“We love it here,” says Gloom Girl MFG’s Paige MacKinnon, welcoming me to the foursome’s basement rehearsal space. “Big yard, practice room, 15 minutes to most places — it’s perfect.”
The house is home to MacKinnon, guitarist Ethan Waggoner and a third roommate, plus Charlie the rabbit and Cedar, Waggoner’s 5-foot-6-inch red-tailed boa. It sits in a peaceful, rural-feeling corner of East Nashville, not far from where Prince’s Hot Chicken Shack stood for years before damage caused by a car crash took it out in 2018.
Three-fourths of Gloom Girl MFG — the three-letter suffix, shorthand for “manufacturing,” avoids potential legal conflicts with any similarly named bands and makes a comment on the state of the world — got here too late to take a crack at the outrageously spicy hometown specialty before Prince’s operations moved elsewhere. Bassist Stephen Sobolewski has lived in Nashville the longest, having moved from his native Charlotte, N.C., in 2015, while over the past two years, MacKinnon and drummer Connor McCourt arrived from the Northeast and Waggoner from the Pacific Northwest. Perhaps because of this, the foursome delivers its sometimes-caustic, always-catchy punk-pop with refreshing optimism about Music City itself and music in general. Witness it live at The Basement on Saturday, when Flight Attendant and Shedonist support.
In the wood-paneled jam-room-adjacent band lounge, T-Rex and The Jesus and Mary Chain records sit in a recently played pile, the imposing yet docile Cedar chills in his vivarium, and McCourt calls up Sobolewski — headed home after running sound at the Daytona Beach Bike Rally for the past 10 days — to patch him in via phone. Involving everyone each step of the way is key in Gloom Girl. It’s been that way since a practice session in late 2020 when nascent songwriting partners MacKinnon and Waggoner drafted McCourt, who’d previously drummed for Nashville-via-Jersey punks TV Saints, and Sobolewski — alias Dirty Ginger, which is occasionally a band, but mostly a recording project. Within moments of plugging in, the chemistry was undeniable.
“It was fucking sick,” Sobolewski remembers. “Immediate, and uplifting.”
“We’d all played in bands before that had been dysfunctional,” adds McCourt, “so we wanted to set a precedent to be committed right out of the gate.”
For Gloom Girl, that meant nearly 30 local gigs in 2022 alone, plus three three-hour practices a week — a regimen the quartet continues to maintain. All four members were eager to pitch in songs and song ideas.
“We talked about how to share credits right away, which were nice discussions to get out of the way early,” says Waggoner.
A pivotal performance at The Basement in November proved they were smart to have the foresight. Watching them perform their playfully malevolent debut single “Boujie Girl” at the Eighth Avenue South club’s long-running New Faces Night made an instant convert of Mike “Grimey” Grimes, co-owner of The Basement, The Basement East and beloved record shop Grimey’s. “I love New Faces Nite and have hosted almost every Tuesday for 20 years,” Grimes wrote in a post after the show. “[Talent buyer Gil Costello] booked a local band who are my new favorite. Gloom Girl. Nashville needs this band so much.”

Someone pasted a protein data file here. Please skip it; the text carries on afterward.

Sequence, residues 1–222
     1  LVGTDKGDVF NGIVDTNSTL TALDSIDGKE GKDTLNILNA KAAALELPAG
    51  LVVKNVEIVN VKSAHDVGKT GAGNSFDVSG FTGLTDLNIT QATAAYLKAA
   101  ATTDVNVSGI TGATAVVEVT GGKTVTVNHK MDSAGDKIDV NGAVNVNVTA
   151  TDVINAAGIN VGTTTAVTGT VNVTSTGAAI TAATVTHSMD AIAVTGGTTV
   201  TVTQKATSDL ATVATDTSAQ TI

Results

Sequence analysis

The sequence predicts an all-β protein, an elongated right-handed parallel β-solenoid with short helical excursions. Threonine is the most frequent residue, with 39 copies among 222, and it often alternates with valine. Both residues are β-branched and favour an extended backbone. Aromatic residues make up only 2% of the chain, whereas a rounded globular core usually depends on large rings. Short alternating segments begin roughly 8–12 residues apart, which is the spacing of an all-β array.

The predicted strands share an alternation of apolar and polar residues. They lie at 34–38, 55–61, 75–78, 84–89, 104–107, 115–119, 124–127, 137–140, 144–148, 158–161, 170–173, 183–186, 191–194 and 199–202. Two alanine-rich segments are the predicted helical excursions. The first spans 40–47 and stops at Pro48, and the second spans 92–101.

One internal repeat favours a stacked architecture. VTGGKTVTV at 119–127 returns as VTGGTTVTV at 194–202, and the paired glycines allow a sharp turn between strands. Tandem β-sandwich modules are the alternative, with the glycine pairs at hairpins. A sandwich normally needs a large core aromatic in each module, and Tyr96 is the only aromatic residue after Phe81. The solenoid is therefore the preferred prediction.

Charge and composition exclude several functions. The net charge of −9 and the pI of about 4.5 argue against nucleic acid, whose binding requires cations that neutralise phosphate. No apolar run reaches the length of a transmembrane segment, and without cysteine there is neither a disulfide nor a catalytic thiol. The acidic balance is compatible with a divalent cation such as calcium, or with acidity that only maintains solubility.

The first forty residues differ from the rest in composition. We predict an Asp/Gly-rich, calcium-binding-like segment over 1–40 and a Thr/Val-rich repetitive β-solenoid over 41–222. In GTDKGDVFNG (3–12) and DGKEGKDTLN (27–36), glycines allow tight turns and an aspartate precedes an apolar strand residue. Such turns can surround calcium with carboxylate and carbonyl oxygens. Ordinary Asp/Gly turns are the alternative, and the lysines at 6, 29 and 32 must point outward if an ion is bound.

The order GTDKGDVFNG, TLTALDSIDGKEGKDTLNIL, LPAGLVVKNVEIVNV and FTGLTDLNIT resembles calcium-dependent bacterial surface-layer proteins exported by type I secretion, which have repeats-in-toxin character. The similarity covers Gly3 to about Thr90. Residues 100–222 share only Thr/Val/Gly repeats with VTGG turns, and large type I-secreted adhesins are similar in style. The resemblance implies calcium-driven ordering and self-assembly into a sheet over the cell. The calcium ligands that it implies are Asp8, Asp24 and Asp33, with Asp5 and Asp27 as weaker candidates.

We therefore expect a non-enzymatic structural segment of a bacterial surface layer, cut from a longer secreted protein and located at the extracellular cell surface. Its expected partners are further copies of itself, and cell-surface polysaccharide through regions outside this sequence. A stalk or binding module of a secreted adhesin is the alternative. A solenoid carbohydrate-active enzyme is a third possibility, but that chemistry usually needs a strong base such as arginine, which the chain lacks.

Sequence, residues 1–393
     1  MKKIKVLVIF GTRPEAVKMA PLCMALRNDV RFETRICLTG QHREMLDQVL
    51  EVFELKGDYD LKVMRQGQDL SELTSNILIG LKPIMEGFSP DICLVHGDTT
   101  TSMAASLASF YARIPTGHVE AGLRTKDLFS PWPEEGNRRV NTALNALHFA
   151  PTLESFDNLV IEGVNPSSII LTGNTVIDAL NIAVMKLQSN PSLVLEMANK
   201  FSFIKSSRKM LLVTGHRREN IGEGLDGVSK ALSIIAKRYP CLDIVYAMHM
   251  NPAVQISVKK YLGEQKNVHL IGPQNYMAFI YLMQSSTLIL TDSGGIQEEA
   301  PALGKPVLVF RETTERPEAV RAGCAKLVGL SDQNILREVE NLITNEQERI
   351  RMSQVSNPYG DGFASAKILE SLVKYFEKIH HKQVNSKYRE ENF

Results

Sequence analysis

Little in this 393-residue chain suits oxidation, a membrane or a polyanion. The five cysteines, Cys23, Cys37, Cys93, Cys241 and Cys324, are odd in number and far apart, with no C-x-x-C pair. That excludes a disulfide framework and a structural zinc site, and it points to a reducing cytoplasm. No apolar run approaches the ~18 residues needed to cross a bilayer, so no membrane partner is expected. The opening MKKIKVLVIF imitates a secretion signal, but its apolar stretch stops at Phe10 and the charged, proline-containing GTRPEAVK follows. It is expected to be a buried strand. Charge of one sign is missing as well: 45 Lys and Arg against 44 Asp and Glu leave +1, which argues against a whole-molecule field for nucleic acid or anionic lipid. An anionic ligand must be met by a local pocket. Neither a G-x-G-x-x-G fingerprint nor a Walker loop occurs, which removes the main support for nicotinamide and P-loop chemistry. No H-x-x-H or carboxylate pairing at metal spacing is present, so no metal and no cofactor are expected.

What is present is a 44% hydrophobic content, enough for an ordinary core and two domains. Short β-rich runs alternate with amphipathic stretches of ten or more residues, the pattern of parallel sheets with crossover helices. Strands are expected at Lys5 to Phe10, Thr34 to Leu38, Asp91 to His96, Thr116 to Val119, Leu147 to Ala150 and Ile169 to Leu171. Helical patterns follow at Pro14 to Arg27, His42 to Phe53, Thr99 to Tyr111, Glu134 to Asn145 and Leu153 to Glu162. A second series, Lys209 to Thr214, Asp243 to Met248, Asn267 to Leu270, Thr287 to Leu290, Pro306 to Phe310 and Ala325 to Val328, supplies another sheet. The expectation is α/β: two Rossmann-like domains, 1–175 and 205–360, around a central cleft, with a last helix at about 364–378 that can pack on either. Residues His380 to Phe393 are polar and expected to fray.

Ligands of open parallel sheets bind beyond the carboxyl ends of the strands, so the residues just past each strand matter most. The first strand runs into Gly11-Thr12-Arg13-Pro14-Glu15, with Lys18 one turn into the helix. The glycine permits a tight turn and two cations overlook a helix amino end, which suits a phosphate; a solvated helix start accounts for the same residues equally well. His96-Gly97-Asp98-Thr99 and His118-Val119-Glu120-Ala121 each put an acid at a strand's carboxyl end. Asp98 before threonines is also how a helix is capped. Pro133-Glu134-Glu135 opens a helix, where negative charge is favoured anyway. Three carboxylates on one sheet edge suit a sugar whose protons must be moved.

“I didn’t honestly know who Grimey was at the time,” remembers MacKinnon with a laugh, “but he was speaking over the P.A. like the voice of God, saying all these nice things about us, to us.” To Waggoner, “It felt like beating level two of Guitar Hero — advancing to the next phase.”
Grimey Effect or no, Gloom Girl’s draw at the city’s stalwart rock ’n’ roll haunts — The End, The East Room, The 5 Spot — is growing exponentially. “We’re learning how to pack rooms,” Waggoner adds, “and make each show count.”
Soon they’ll have more on the merch table to go along with their first shirt design, splashed across with the image of — who else — Cedar the snake. On the inaugural Gloom Girl EP Factory, set for release in late April, avowed John Bonham and Dave Grohl admirer McCourt’s song-serving drumming frees his bandmates to branch out sonically.
For Waggoner, that’s meant leaning into ’70s glam influences — the T-Rex records by the turntable are his — while Sobolewski has gone deep on the outrageous discography of modern garage-punk titans King Gizzard and the Lizard Wizard. Sleater-Kinney’s “social commentary and jagged, jigsaw-puzzle riffs,” meanwhile, were such game-changers for MacKinnon that she shouts out their ’97 breakthrough Dig Me Out in one Gloom Girl tune. From Factory’s ferocious kickoff track “Litterbug” up through its dreamy denouement “Side Stitch,“ the four-song set clocks in at just under 15 minutes, making for a formidable first release with significant replay value. It isn’t at all hard to grasp Grimes’ enthusiasm for what he saw and heard at New Faces Night.
Looking ahead, Gloom Girl already has designs on Factory’s follow-up EP, along with a pair of stand-alone singles slated to come out by the end of the year. They’re also planning to tour the Midwest and South with greater regularity; they’ll be hitting Birmingham, Chattanooga and Memphis in coming months. As far as long-term goals?
“Just to focus on writing good music, that we all have a hand in,” says McCourt. “We believe in this project, and each other.”
One glance at the practice-room whiteboard — with a list of songs for the next live performance, a list of more than a dozen others in the pipeline with notes on their progress and the form of the song they’re currently working on — and it’s clear that momentum is on their side.